This ninth and final installment in our series on the history of the St. Augustine Lighthouse focuses on the recent history of the lighthouse and the creation of the
St. Augustine Lighthouse & Museum.

Click the links below to read previous posts in the series:

1994 – 2014

The lighthouse has been opened to the public since 1994, thanks to the tireless efforts of the Junior Service League of St. Augustine. From the beginning, it has been a popular destination for the local community and the many visitors our city attracts each year. So popular in fact, the Junior Service League (JSL) quickly recognized that daily operations required funding and upgrades.DSC_0282

In 1996, the JSL began a fundraiser to pave the walkway from Keepers’ House to the lighthouse and to rebuild the brick wall that historically ran the perimeter of the light station. For a donation, visitors could purchase a brick in the walkway or the wall and engrave it with a personal message. This campaign provided the necessary funds for the site upgrades. It was so successful that the program is still running and new brick areas are now available behind the Keepers’ House and in the courtyard.

In 1998, the JSL created The St. Augustine Lighthouse & Museum, Inc. (SAL&M), a 501(c)3 non-profit organization, to handle operations of the light station as a historic site and museum. SAL&M began interpreting the site through exhibits in the Keepers’ House and with staff members and volunteers sharing the stories of the lighthouse and its keepers. In those early years of the organization, all operations, including staff offices and the gift shop were in the Keepers’ House along with the exhibits.

Maritime Archaeology

In 1999, the organization decided to expand its focus beyond the light station into the waters off the coast. The Lighthouse Archaeological Maritime Program (LAMP) is one of the few research units in the nation pursuing professional maritime archaeology that is not guided or funded by a university or governmental entity.

From 2007-2009, LAMP secured state grant funding for the First Coast Maritime Archaeology Project (FCMAP) that helped expand their scope from St. Johns County to the entire “First Coast” region of Northeast Florida. Although funding for the FCMAP ended in 2009, the remote sensing surveys from the project are still guiding our archaeologists to new and exciting discoveries of this area’s maritime history and heritage. In 2010, LAMP began working on a site identified by the FCMAP survey that has yielded artifacts from the Revolutionary War era.

LAMP also established a HeritageBoatworks Boatworks at the lighthouse in 2007. Staffed entirely by volunteers, the Boatworks has built several wooden boats and is committed to keeping this maritime tradition alive and relevant by constructing living replicas of vessels once common in the waters of St. Augustine and northeast Florida. The boat builders’ work also helps our archaeologists with the interpretation, reconstruction and experimental replication of archaeological boat and ship remains.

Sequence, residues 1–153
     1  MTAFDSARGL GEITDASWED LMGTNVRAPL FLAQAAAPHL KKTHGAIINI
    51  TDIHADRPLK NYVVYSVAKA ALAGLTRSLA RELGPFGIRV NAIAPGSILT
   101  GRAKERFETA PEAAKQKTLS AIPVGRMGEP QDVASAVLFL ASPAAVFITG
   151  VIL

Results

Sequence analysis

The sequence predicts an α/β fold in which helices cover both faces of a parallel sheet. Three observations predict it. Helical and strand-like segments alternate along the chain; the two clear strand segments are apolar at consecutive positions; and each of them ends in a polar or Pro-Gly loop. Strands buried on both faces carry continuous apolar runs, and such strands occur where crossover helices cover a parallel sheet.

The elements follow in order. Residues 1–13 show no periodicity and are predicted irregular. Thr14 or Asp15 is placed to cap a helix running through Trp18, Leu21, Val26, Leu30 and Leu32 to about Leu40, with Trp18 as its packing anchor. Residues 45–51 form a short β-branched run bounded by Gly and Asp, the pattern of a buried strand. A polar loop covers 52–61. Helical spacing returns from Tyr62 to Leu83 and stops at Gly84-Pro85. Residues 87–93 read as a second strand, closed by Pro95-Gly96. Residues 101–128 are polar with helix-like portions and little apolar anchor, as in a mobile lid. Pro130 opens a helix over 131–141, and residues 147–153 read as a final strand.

The National Historic Lighthouse Preservation Act of 2000

Technological improvements in the 20th century made the role of lighthouses in maritime safety redundant. GPS, radar and sonar systems, and modern mapping replaced the beacons that for so long illuminated our coastline. As such, the U.S. government began looking for a way to offload the financial and logistical responsibility of keeping the country’s lighthouses operational while ensuring their continued survival.

To address this issue, Congress passed the National Historic Lighthouse Preservation Act (NHLPA) in 2000 as an extension of the National Historic Preservation Act of 1966. The NHLPA established “a national historic lighthouse preservation program” to ensure the continued operation and maintenance of U.S. lighthouses by entities other than the federal government.

According to the NHLPA, an entity eligible to take over operations of a historic lighthouse “shall make the historic light station available for education, park, recreation, cultural or historic preservation purposes for the general public at reasonable times and under reasonable conditions.”

In 2002, the St. Augustine Lighthouse became property of The St. Augustine Lighthouse & Museum organization under the auspices of the NHLPA. Meeting the requirements of the NHLPA also means keeping the lighthouse operational as a private, working aid-to-navigation.

The St. Augustine Lighthouse & Museum

The mission of the St. Augustine Lighthouse & Museum is “to discover, preserve, present, and keep alive the stories of the Nation’s Oldest Port, as symbolized by our working lighthouse.” This includes preservation and maintenance of our historic structures, which includes the lighthouse and Keepers’ House as well as smaller buildings on site like the World War II Coast Guard Barracks and Garage.

The museum has created and hostedTower exhibits on a variety of subjects including the lives of the keepers and their families, lighthouse lenses, and maritime archaeology. Museum staff members have served as advisors for other organizations who own and operate private aids-to-navigation. Maritime archaeologists have recovered the region’s maritime history and heritage from the ocean floor so we can all better understand and appreciate it. And each night the light continues to shine bright, letting all who see it know that they are near St. Augustine.

Visit our website to learn about all we do here at the lighthouse. You can keep up on the latest lighthouse happenings at on Facebook, Twitter, and Instagram.

Paul Zielinski is Director of Interpretation for the St. Augustine Lighthouse & Museum. He received his master’s degree in Public History from the University of West Florida and joined the lighthouse family in 2011.